How to Reason Deductively From a Set of Statements

Instructor: Benjamin Truitt

Benjamin has a Bachelors in philosophy and a Master's in humanities.

In this lesson, you will learn that deductive reasoning is a very useful skill to have in a variety of scenarios. Deductive reasoning requires applying the rule of non-contradiction to a case to determine what conclusions can be logically determined.

How to Reason Deductively from a Set of Statements

Basil Rathbone as Sherlock Holmes
Basil Rathbone as Sherlock Holmes

'Elementary my dear Watson!' Sherlock Holmes would proclaim after solving another mystery. Holmes would then proceed to explain how he had figured out through logic the way the crime had been committed. This process of working out what must be true from the facts of a case is deductive reasoning. So, how can you reason like Sherlock Holmes when facing a conundrum?

Deductive Process

If you are given a set of facts about a case like Sherlock Holmes, deduction is the process where you examine the relationships of those facts and figure out what else must be true. Deduction occurs when we apply the law of non-contradiction to problems of categories, if/then claims, or the application of rules. The law of non-contradiction is that a thing cannot be and not be at the same time. This rule, when applied to a series of statements, tells us whether or not a conclusion is true, unknown, or false. For example, if we reason about categories:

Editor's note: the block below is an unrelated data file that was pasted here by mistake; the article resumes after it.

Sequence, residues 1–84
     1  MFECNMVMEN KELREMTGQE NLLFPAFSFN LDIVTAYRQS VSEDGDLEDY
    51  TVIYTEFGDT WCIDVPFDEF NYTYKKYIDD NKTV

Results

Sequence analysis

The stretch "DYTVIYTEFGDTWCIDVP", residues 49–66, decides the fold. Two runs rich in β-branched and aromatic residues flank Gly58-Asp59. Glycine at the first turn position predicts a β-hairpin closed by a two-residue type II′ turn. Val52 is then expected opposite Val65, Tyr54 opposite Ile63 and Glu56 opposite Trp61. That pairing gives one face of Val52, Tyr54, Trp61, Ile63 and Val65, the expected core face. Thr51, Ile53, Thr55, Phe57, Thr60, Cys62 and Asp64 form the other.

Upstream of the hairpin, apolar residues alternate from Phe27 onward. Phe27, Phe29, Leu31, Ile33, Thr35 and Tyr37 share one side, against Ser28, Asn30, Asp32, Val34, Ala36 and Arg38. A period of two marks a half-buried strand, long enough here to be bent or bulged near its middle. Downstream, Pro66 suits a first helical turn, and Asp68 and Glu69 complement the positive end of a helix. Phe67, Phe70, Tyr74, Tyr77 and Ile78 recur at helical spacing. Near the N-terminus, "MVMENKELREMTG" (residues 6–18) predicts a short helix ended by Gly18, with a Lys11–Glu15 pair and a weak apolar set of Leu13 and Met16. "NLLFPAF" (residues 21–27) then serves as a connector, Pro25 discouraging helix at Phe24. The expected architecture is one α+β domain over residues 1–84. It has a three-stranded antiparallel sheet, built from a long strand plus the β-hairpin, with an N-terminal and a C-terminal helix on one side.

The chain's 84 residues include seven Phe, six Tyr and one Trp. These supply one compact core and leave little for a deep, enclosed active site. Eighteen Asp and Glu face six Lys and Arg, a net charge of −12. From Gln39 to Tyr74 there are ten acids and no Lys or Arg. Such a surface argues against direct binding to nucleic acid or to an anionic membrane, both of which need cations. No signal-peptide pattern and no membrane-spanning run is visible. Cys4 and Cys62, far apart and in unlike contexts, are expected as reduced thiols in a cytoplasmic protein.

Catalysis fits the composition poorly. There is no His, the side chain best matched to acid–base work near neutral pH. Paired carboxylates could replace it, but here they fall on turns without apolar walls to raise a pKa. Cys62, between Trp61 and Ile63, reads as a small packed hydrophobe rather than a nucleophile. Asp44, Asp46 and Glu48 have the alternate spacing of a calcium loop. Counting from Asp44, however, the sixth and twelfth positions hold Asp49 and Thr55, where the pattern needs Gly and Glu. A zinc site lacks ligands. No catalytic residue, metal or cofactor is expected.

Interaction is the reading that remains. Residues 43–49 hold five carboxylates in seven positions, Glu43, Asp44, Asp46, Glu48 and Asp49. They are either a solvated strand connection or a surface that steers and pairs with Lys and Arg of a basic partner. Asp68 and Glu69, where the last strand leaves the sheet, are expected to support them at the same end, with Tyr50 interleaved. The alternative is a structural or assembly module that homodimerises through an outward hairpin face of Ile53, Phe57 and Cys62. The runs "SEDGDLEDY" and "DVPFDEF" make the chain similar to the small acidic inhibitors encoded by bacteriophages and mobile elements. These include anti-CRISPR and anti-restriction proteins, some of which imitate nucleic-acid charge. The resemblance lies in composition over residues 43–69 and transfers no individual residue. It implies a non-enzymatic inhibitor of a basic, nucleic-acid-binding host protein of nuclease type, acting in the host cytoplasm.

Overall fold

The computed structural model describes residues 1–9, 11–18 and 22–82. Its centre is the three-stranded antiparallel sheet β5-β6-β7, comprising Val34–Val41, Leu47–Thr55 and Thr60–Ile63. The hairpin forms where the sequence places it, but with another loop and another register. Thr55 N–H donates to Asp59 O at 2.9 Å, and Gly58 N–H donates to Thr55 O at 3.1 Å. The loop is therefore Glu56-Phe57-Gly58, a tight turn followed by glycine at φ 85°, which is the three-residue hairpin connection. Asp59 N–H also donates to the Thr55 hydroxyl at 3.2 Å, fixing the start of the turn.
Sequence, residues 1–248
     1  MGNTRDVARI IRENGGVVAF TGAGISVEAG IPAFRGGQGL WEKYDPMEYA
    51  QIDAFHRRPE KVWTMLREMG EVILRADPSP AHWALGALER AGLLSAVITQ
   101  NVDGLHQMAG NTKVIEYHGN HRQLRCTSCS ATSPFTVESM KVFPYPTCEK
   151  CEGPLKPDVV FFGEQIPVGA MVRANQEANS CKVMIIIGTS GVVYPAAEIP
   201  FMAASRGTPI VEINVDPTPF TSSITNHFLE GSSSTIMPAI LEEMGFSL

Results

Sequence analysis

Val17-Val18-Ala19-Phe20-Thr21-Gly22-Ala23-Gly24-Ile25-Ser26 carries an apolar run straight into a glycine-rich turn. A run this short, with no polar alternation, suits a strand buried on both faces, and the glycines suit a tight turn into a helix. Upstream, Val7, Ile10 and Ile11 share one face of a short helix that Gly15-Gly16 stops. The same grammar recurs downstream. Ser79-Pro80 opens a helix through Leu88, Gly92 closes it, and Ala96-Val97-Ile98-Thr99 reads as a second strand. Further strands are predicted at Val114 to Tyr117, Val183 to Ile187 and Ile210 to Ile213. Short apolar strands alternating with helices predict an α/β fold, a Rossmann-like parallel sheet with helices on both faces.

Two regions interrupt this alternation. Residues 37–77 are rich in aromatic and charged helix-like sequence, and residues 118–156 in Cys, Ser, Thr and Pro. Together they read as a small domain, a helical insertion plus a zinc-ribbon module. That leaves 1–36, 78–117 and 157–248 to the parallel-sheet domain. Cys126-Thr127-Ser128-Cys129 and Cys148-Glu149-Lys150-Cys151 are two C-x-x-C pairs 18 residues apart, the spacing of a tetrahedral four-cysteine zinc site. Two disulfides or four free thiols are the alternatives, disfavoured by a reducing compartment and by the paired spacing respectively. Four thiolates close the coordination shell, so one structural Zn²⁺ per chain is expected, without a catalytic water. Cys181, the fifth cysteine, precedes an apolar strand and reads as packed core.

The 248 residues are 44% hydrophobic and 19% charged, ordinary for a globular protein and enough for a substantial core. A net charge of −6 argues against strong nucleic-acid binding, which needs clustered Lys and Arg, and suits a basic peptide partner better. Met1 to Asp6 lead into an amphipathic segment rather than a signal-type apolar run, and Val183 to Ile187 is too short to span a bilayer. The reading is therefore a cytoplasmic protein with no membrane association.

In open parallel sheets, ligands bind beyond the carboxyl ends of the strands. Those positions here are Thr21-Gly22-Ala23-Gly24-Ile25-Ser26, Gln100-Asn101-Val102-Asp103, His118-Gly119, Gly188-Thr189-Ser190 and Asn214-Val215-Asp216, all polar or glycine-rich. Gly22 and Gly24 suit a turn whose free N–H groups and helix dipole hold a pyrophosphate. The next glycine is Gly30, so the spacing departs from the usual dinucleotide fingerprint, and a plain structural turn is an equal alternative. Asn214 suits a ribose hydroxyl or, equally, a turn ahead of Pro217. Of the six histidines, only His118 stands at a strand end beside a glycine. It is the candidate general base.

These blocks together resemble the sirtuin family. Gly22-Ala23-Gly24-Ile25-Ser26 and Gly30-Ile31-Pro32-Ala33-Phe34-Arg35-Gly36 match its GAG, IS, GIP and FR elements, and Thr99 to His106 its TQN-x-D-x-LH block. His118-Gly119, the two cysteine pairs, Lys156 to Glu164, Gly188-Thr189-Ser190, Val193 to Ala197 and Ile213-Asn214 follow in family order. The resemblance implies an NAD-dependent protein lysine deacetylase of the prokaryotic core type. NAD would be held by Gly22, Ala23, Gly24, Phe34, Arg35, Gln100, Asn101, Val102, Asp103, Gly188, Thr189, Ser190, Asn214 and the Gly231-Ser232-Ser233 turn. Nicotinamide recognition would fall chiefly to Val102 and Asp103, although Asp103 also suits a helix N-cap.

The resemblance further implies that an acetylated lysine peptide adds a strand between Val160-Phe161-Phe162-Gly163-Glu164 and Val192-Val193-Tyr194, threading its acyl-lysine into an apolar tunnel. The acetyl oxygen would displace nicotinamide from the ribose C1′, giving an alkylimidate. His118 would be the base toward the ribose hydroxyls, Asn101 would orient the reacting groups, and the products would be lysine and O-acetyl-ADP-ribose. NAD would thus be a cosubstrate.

(a) All men are mortal.

(b) Socrates is a man.

(c) Therefore, Socrates is mortal.

This argument (or syllogism) tells us that if we know (a) and (b), then we know (c) because the opposite conclusion (Socrates is immortal) would contradict the first two statements. Here is another example using if/then statements:

(a) If you poke a bear,

(b) Then, he will be mad.

If you do poke the bear, then you know from these facts that the bear will be mad. If you poke the bear, and he is not mad, it exposes a contradiction, revealing that one or both of these statements is wrong.

Methods for Approaching Deductive Problems

Well, now that we know you should not poke Socrates, and that bears are mortal, we now should discuss how you can use these skills in life and what methods you can use to solve deductive problems. Outside of mental exercises and solving murder-mysteries, when can you use deductive reasoning? There are actually many cases where you can use it! Professionals use deductive reasoning to solve problems like scheduling employees for shifts, prioritizing tasks, or determining who to give a grant to. Let's discuss some methods for solving a deductive issue.

We saw above how to solve simple examples; now, let's tackle one that is more complex. You need to put together a shift schedule for a week and have five employees. You only need two to work any given time, and there are some limitations you need to work around:

1. No employee can work more than three days in a week.

2. Employees Molly and Lisa can work on Wednesday or Friday, but not both due to other obligations.

3. Employee John can only work on Mondays and Fridays.

4. Employee Kevin cannot work with employee Lisa.

5. All the employees must work as many days as possible.

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